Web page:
After saying goodbye to their worst month since March due to the new wave of covid-19, the financial markets have responded this Tuesday with enthusiasm to the elections in the United States, on which the future of their economy depends and in which different polls and indicators suggest that Democrat Joe Biden will win over the current president, Donald Trump.

Wall Street began the day with the same energy as the country’s early voters, and its main indicators shot up as the session progressed, knowing that a winner of the elections will probably not be announced until the evening, but with the expectation that Biden and the Democratic legislators will sweep away a “blue tide.

Near mid-session, New York’s trading floor approached its highs for the day, with the Dow Jones Industrials rising 643 points (2.39%); followed by the selective S&P 500, which gained 2.24%, and the technology-intensive Nasdaq Composite Index, which rose 2.12%, a sharp contrast to the previous week’s massive sales.

With nearly 100 million votes cast in advance, mostly by mail, FiveThirtyEight today predicted Democratic control of the Presidency, Senate and House of Representatives, with a 10% chance of Trump winning, while the “Presidential Predictor,” which looks at the S&P 500, also points to the Democrat.

Nevertheless, Wall Street is aware that the polls failed in 2016, when they predicted the victory of the Democratic candidate Hillary Clinton, and that they will observe the early results in several hinge states such as Florida or North Carolina, which could indicate where the balance is tipped in the congressional race, one of the key elements.

The composition of Congress is important to the market because if the Democrats regain control of the Republican-majority Senate with Trump, the anti-Covid-19 fiscal stimulus package that has been stranded for months could go ahead, blowing more than $3 trillion into the economy and boosting recovery.


The former chief economist of the White House Council of Economic Advisors between 2018 and 2019, Casey Mulligan, told Efe that the market “takes information from everywhere” and referred to an old American saying: “Abraham Lincoln learned the results of the Civil War, of the battles, from the stock market, not from his generals. Perhaps they see something that the rest of us don’t.”

Mulligan was more skeptical about the polls and indicators and noted that “there hasn’t been any news about a blue tide in the last day, even in the last week, and the stakes haven’t changed much either,” while he has heard that there is “a lot of money coming into Trump. “We think the market would want a clear winner, that’s for sure,” he added.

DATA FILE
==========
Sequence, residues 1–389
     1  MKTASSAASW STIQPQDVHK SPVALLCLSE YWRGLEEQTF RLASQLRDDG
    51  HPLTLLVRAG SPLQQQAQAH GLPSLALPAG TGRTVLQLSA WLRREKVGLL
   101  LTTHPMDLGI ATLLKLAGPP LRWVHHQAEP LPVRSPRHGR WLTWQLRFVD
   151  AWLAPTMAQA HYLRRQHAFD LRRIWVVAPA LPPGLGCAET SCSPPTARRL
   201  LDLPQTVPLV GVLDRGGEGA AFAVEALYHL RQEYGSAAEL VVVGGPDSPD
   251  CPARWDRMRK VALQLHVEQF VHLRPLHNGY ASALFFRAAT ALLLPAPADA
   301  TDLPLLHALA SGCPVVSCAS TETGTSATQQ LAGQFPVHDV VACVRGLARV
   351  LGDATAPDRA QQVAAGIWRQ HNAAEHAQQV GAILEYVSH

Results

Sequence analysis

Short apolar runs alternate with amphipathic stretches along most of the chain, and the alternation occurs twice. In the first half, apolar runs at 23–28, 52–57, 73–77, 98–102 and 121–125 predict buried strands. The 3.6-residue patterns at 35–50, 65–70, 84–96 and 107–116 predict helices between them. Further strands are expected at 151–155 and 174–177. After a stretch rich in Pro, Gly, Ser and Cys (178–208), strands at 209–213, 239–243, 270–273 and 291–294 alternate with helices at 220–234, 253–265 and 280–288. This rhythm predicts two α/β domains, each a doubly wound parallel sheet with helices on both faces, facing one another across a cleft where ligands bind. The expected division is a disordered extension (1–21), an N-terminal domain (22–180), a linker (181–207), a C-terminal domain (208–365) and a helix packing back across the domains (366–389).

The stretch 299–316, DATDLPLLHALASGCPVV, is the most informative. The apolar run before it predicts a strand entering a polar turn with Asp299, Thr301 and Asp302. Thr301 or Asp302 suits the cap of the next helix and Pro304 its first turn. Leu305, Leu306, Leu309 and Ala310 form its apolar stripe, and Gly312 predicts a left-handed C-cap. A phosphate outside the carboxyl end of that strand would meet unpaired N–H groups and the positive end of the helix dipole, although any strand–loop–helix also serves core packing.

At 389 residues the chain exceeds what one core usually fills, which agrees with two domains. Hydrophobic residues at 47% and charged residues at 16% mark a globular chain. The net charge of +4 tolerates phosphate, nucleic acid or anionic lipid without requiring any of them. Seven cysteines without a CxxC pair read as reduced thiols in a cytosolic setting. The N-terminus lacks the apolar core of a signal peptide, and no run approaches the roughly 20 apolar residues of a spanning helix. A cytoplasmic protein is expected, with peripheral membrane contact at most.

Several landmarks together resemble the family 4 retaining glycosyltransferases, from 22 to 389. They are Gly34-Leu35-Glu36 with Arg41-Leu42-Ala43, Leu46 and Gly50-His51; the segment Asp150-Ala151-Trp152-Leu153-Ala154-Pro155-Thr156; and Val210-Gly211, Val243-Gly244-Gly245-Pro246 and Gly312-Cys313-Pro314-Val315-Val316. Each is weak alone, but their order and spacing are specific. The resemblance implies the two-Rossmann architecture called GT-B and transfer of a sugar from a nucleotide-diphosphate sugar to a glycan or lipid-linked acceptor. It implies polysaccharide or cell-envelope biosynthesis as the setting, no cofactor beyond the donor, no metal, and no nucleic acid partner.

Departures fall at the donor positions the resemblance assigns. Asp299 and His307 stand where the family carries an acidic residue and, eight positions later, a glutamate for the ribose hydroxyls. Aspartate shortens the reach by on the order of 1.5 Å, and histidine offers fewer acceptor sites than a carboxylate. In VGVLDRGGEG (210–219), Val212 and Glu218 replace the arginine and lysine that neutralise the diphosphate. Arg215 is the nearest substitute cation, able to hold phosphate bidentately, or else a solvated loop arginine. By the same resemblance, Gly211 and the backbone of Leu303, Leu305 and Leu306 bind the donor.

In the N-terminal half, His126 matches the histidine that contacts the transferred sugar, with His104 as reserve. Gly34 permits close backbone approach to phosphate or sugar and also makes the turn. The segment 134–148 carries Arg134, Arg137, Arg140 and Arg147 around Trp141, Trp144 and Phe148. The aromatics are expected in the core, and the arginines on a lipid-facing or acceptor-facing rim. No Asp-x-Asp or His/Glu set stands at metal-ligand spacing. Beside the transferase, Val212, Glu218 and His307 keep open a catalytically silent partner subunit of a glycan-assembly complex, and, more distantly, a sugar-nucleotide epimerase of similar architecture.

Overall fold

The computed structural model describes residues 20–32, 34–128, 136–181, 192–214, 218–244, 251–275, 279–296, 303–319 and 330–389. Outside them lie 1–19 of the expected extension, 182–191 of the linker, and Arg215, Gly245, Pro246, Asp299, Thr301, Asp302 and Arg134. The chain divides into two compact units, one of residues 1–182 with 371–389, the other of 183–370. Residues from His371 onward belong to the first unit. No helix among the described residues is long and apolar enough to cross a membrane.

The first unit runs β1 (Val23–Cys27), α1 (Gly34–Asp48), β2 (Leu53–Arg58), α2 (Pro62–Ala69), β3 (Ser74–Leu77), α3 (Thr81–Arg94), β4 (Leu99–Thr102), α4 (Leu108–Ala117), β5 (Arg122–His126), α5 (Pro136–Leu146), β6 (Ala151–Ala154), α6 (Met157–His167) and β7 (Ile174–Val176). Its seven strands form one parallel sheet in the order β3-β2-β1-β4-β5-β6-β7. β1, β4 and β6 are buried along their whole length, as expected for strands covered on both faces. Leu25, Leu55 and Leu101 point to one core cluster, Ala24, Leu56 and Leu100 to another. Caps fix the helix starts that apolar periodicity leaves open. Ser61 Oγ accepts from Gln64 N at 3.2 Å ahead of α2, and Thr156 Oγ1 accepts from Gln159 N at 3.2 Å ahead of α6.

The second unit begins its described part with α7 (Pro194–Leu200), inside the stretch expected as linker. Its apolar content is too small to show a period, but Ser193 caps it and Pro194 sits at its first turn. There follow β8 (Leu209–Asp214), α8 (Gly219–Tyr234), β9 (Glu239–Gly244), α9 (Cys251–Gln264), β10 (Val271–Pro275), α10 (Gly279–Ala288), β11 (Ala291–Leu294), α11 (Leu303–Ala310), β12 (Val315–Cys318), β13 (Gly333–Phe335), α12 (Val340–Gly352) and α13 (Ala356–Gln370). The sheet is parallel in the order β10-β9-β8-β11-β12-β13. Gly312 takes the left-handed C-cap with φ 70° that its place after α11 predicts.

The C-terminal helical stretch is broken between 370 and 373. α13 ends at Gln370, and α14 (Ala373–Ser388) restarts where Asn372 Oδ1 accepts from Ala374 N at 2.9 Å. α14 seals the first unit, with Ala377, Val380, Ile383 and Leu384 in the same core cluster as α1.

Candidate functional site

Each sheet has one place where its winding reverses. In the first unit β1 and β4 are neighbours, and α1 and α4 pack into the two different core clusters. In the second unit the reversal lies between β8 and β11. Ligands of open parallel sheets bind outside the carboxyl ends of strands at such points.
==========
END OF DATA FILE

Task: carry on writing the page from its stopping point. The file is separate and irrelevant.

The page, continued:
Investors are also watching the public debt and 10-year Treasury bond yields, which today shot up to their highest level since early June, to 0.892%, as this market can be influenced by upcoming trade, energy, fiscal and budgetary policy decisions, as well as pandemic relief.

“If the results are close and we wait until the early morning, or beyond, for signals from those states that count more slowly, (performance) movements could be more limited by the possibility of divided government and fiscal (stimulus) blockage,” the expert added.

Kathy Jones, chief strategist for fixed-income securities at the Schwab Center for Financial Research, added that “there could be a modest rise in 10-year Treasury interest rates to the 1% zone following a fiscal stimulus package, but that will likely be limited by low inflation and the policies of the Fed.

On the other hand, the analyst Craig Erlam, from the firm Oanda, said in a note that he expected the foreign exchange markets “to be naturally very volatile during the next two days and although the dollar will take most of the peso, the impact will be felt further away”.

“The role of the dollar as a safe-haven value to the detriment of gold has been seen by all, and particularly this year. It will be interesting to see if that continues that week given that the U.S. will be at the center of the uncertainty,” he added.

As for the oil market, the firm Rystad Energy published an analysis today in which it concludes that, although Biden could “benefit demand in the short term, its criteria for foreign relations could bring more supply to the market,” while Trump, for being a conservative and defender of the sector, would have the most immediate upward effect.

“We see a volatility in prices – low for Biden, high for Trump, but most of all we expect the election to be a milestone, a sigh of relief after which the oil market is redirected towards a broader structural weakness at the macro level and towards the greater probability of a destruction of demand” caused by the second wave of covid, said its analyst Bjornar Tonhaugen.

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